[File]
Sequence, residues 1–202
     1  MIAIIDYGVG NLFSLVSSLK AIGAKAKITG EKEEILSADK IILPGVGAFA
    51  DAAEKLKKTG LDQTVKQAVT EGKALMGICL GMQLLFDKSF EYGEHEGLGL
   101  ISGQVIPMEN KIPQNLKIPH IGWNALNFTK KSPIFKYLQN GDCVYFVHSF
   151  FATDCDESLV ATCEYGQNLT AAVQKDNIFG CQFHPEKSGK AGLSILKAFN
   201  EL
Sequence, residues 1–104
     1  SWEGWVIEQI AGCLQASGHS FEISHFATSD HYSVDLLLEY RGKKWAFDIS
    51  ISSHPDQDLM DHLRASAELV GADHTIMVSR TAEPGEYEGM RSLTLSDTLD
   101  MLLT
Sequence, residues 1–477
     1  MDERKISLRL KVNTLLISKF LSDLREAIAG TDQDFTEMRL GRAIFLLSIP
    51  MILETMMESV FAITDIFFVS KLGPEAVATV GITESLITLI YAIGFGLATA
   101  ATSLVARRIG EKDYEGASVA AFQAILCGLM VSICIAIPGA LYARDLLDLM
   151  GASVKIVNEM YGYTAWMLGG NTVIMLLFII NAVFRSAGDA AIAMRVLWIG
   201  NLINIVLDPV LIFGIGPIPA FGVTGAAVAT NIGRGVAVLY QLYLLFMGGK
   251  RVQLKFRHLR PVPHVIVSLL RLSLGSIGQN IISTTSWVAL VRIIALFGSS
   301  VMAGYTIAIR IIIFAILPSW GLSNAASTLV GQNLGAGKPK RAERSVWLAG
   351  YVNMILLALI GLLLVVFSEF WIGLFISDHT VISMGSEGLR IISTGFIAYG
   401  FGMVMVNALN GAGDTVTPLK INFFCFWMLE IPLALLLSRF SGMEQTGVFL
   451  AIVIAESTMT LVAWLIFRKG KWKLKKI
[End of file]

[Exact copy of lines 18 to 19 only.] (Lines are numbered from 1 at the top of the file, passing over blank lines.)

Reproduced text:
   301  VMAGYTIAIR IIIFAILPSW GLSNAASTLV GQNLGAGKPK RAERSVWLAG
   351  YVNMILLALI GLLLVVFSEF WIGLFISDHT VISMGSEGLR IISTGFIAYG